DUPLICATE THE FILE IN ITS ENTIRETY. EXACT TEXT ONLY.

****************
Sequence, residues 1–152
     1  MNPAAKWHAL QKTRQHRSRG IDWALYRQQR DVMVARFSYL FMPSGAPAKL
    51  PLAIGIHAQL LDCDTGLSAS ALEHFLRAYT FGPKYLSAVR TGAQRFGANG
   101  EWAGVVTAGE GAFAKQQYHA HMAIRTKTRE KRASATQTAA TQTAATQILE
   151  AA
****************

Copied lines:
Sequence, residues 1–152
     1  MNPAAKWHAL QKTRQHRSRG IDWALYRQQR DVMVARFSYL FMPSGAPAKL
    51  PLAIGIHAQL LDCDTGLSAS ALEHFLRAYT FGPKYLSAVR TGAQRFGANG
   101  EWAGVVTAGE GAFAKQQYHA HMAIRTKTRE KRASATQTAA TQTAATQILE
   151  AA